understandably became unwilling to access central bank
lending facilities even for more benign liquidity needs, for fear
of reputational consequences. The result was a further
tightening up of the money market, which worsened an already
bad situation.
While stigma is surely not a relevant issue for an ostensibly
failing institution seeking emergency lending assistance, the
central banks decision to grant a request may worsen the
stigma associated with all forms of direct lending, complicating
liquidity management. Confidentiality may help to prevent
knowledge of LOLR support from giving rise to panic, but
maintaining it is difficult in practice since banks usually know
the approximate condition of their competitors, and the scale
of such operations would typically necessitate public oversight.

3.3 Systemic Shortage of Funding


and Market Liquidity
The limits of the central banks LOLR function are most
severely tested in a systemic liquidity crisis, not least because
such situations are likely to be accompanied by the other
two types of liquidity shortages as well. In this circumstance,
the underlying aim of official intervention is to shore up
confidence in the financial system as a whole, restoring market
functioning through the reestablishment of both funding and
market liquidity. This will help forestall asset fire sales, facilitate
the orderly reduction in borrowing, support the process of
price discovery in markets, and restore credit flows. Succeeding
will almost surely require utilization of all of the forms of
central bank liquidity intervention described earlier and may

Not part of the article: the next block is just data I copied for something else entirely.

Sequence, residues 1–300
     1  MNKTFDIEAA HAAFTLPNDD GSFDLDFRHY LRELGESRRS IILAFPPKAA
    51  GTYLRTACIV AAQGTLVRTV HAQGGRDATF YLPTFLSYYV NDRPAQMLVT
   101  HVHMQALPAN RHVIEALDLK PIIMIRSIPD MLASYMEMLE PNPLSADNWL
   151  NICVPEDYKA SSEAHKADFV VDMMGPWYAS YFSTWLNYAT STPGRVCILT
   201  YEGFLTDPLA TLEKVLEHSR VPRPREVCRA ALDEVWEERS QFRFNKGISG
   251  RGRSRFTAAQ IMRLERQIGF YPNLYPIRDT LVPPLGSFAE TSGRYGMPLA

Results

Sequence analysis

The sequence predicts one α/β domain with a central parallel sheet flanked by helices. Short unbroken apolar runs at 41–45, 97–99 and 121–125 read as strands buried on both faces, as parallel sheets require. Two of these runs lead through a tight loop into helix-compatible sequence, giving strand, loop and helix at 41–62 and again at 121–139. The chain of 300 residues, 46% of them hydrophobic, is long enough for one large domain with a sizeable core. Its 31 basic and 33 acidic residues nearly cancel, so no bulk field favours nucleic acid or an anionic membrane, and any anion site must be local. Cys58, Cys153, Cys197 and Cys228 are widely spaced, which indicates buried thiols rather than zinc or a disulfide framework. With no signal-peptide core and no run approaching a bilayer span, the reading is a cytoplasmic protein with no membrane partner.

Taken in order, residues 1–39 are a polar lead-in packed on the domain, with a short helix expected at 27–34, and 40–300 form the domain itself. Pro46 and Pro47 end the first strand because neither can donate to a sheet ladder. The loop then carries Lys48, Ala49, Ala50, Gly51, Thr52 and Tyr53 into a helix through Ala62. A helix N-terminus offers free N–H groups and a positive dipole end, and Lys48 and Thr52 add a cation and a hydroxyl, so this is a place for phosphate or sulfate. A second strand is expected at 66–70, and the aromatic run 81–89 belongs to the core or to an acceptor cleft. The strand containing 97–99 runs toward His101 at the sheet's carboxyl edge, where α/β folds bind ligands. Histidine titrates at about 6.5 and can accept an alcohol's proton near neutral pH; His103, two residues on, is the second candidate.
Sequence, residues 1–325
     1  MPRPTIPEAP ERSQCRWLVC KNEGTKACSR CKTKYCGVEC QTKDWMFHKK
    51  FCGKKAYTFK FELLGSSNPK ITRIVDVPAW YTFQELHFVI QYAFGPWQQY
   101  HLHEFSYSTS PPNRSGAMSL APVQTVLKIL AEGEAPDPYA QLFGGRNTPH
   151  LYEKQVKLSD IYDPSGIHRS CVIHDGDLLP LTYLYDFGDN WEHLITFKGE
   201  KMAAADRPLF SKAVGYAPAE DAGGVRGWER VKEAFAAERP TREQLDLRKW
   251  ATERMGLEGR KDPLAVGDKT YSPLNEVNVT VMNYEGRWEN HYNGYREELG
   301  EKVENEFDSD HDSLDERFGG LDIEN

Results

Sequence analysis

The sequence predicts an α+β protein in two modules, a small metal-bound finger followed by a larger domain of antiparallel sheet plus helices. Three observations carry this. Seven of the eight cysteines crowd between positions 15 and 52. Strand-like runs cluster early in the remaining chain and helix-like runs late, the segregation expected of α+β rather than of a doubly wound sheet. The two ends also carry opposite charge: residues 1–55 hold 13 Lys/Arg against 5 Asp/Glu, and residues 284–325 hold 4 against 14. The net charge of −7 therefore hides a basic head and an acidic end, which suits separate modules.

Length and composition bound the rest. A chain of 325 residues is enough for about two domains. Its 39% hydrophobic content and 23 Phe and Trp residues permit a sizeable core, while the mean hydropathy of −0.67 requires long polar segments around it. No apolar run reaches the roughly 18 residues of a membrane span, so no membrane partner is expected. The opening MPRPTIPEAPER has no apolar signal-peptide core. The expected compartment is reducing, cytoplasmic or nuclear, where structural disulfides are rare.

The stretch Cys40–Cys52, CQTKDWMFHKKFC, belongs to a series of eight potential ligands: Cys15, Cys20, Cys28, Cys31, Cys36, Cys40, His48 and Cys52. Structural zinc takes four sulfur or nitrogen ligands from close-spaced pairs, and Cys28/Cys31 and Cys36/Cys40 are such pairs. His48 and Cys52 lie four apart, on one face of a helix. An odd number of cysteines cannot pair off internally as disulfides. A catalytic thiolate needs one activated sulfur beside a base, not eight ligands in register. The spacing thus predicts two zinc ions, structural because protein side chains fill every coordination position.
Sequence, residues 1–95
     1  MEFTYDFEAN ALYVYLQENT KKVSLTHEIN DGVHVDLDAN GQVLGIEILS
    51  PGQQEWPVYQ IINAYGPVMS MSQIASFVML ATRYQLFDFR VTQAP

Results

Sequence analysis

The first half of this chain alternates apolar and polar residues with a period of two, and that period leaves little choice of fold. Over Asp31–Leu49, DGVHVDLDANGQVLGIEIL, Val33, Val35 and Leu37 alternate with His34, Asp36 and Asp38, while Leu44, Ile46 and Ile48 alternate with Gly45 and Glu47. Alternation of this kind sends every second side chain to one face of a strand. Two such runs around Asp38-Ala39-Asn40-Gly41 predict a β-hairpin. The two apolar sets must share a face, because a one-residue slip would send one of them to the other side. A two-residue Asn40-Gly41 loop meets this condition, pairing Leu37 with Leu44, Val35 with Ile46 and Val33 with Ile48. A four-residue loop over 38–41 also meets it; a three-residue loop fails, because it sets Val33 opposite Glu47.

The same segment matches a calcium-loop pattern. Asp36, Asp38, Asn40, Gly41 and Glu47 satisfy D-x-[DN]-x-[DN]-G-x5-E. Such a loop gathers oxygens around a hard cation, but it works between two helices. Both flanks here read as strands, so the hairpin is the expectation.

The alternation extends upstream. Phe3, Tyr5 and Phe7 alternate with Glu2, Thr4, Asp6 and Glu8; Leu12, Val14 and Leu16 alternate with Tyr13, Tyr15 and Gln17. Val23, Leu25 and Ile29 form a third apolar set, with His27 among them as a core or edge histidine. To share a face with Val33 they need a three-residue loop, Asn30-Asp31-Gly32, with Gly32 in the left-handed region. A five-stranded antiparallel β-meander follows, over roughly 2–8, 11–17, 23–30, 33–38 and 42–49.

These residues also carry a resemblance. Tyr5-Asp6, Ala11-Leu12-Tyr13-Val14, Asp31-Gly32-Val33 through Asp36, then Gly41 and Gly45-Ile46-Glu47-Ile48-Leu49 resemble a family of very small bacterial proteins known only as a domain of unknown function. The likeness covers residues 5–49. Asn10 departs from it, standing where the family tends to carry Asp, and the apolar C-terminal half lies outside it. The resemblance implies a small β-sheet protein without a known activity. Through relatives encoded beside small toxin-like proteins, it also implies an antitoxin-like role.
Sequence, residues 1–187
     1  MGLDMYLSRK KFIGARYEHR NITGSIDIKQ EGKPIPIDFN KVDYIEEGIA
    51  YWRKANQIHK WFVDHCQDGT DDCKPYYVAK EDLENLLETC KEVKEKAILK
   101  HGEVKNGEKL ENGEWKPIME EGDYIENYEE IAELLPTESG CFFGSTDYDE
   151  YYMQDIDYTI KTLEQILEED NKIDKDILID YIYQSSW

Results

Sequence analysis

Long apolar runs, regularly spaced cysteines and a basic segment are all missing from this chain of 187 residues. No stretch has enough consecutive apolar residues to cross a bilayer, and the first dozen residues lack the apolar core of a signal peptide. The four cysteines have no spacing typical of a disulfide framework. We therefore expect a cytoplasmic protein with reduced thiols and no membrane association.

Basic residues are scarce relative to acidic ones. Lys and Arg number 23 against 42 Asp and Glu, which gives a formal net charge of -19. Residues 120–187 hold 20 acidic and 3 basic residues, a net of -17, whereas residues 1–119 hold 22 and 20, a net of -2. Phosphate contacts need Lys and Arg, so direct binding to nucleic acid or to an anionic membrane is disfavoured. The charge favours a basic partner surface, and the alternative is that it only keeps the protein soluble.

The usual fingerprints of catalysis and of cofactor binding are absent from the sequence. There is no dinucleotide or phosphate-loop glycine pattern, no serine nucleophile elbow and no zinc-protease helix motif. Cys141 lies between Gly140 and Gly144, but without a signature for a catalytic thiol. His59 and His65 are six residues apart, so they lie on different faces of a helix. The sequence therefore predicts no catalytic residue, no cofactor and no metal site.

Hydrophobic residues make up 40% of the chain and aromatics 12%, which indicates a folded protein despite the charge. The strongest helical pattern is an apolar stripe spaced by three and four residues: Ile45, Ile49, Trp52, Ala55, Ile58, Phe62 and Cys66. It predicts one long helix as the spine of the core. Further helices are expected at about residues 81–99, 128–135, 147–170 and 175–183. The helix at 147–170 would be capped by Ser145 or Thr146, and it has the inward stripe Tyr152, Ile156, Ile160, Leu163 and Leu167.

involve substantial modifications in standard practices and

procedures. In addition, as is fairly clear, the central bank could


well become exposed to considerable market and credit risk.
In a systemic liquidity crisis, the key challenge facing
central banks is to find ways to contain flight-to-quality and
re-engage the private sector in the intermediation process.
Such re-engagement will occur only as agents uncertainty
over outcomes is reduced. To this end, the central bank will
have to perform an intermediating role, and its actions may
be designed to supplement the role of banks or even bypass
banks altogether. Indeed, whereas the primary function of the
LOLR in traditional discussions is to liquefy the balance sheet
of banks, the current crisis has highlighted that when faced
with a systemic crisis in a market-based financial system, the
scope of LOLR support is likely to be much broader and
involve interventions more akin to liquefying the limit order
book of a particular market.
Typically, this will require a broadening of the central banks
provision of liquidity both in terms of accessibility and
structure. Tensions in the term funding market, for example,
can be alleviated by the central bank both directly (through
greater provision of term funding that offsets some of the
shortfall in market supply) and indirectly (through the
assurance of access to liquidity directly from the central bank).
To the extent that the latter helps to ease intermediaries
concerns about rollover risk, they may become more willing to
extend term loans. At the same time, the set of institutions with
which the central bank transacts may need to be expanded to
ensure that the interventions reach those most in need.
A basic thrust of liquidity operations during a systemic crisis
is to accommodate the increase in demand for assets of
unquestionable quality while at the same time financing those